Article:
Why don’t you Want Me, is again another perfect example of this juxtaposition. Eyes closed, shaking her fist passionately we hear the pain and anger in Tegan’s cry, “Why don’t you want to win me back, why don’t you want to show me off!…Tell me why you couldn’t try!”; her directness complimented by the quiet, heartbreaking desperation of Sara…
“How come you don’t want me? Why don’t you wanna win me back?”
I love the vulnerability and honesty of their lyrics, the way they synthesize feelings of pain, longing and fresh beginnings. I find that their songs often have a youthful, sometimes even childlike quality; take for instance the song Alligator. The combination of simple xylophone notes, piano repetition and Sara’s almost ‘pouting’ vocal style makes me think of girlish emotion mixed with childlike phrasing.
Sensitive, it’s true
Alligator tears, cried over you…
Closing my eyes and listening to their harmonies I feel wistful… a sea of emotions flooding back and opening a vault of both painful and happier times.
Go, go, go if you want
I can’t stop you
You come back to me always anyway
Leave a mark
You said you never really loved her anyway…
-Now I’m All Messed Up
I felt you in my legs
Before I even met you
And when I laid beside you
For the first time
I told you
I feel you in my heart,
And I don’t even know you
Finishing the set with the dance anthem ‘Closer’, the girls waved their goodbyes, Tegan carrying with her a gift of Tim Tams. Of course, it wasn’t long before we all began screaming for an encore, and the girls soon returned to play an acoustic version of one of their most loved songs, Call It Off. As the familiar chords echoed throughout the room, the crowd gently began to sing.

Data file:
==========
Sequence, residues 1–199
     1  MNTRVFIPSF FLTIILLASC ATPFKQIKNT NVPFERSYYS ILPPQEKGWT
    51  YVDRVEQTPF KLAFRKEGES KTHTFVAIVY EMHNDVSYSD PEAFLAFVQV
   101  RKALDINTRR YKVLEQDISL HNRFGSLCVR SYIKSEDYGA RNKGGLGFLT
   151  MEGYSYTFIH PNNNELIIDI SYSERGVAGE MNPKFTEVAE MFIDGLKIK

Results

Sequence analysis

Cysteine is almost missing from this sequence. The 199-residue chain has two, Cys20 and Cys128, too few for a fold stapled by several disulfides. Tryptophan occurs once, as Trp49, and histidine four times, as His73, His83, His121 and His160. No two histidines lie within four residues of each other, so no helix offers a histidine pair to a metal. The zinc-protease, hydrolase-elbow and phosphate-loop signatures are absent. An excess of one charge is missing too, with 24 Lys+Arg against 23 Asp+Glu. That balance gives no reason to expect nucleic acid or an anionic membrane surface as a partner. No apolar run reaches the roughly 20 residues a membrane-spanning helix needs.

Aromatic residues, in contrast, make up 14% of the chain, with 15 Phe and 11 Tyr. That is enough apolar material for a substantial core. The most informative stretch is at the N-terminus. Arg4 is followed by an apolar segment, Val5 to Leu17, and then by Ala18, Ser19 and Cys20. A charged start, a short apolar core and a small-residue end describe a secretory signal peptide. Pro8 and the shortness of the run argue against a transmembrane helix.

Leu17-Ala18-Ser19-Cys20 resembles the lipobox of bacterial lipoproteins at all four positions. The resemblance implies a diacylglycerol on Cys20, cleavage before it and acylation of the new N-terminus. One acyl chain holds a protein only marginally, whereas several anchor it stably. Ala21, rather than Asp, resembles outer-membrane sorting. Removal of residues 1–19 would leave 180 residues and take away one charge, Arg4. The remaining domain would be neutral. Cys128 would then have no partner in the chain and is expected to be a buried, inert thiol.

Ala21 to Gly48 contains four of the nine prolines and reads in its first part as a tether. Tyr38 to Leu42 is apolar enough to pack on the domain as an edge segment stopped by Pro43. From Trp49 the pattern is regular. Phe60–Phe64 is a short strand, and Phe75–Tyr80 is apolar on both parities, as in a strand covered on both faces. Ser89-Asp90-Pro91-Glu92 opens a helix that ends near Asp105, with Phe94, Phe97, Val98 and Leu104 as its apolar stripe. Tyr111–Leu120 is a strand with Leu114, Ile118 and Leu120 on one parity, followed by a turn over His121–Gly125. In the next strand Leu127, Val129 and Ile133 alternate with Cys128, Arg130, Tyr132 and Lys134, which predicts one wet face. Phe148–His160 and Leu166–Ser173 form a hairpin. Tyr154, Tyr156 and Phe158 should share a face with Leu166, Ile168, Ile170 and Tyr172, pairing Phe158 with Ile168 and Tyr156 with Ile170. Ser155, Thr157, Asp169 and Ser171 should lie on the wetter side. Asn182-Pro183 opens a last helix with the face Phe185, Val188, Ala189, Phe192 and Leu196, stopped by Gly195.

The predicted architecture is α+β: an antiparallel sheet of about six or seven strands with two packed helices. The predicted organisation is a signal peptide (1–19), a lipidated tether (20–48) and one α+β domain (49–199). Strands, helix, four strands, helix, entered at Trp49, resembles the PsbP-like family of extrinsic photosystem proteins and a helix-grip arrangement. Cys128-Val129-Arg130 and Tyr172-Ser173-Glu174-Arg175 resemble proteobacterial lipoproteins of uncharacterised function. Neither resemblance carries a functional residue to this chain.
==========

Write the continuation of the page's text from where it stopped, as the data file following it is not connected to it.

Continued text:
I won’t regret saying this
That I’m saying
Is it better than
Keeping my mouth shut
That goes without saying…
..Maybe I would have been
Something you’d be good at
Maybe you would have been
Something I’d be good at
All around The Tivoli came the voices of women and men, paying tribute to these two amazing artists. Both Tegan and Sara were humbled by the experience, and to show their gratitude treated their fans to a medley of all their most loved songs, including We Didn’t Do It and On Directing.
“We want to do this as a gift for you, because we can’t play them all”, said Tegan.
Whether performing, conversing between each other or joking with the audience, the entire performance made me feel as though I had encountered something which was deeply intimate yet also comfortably casual. People were totally in love with Tegan and Sara, and I have to admit that after seeing them live, I too, am crushin’ more than ever!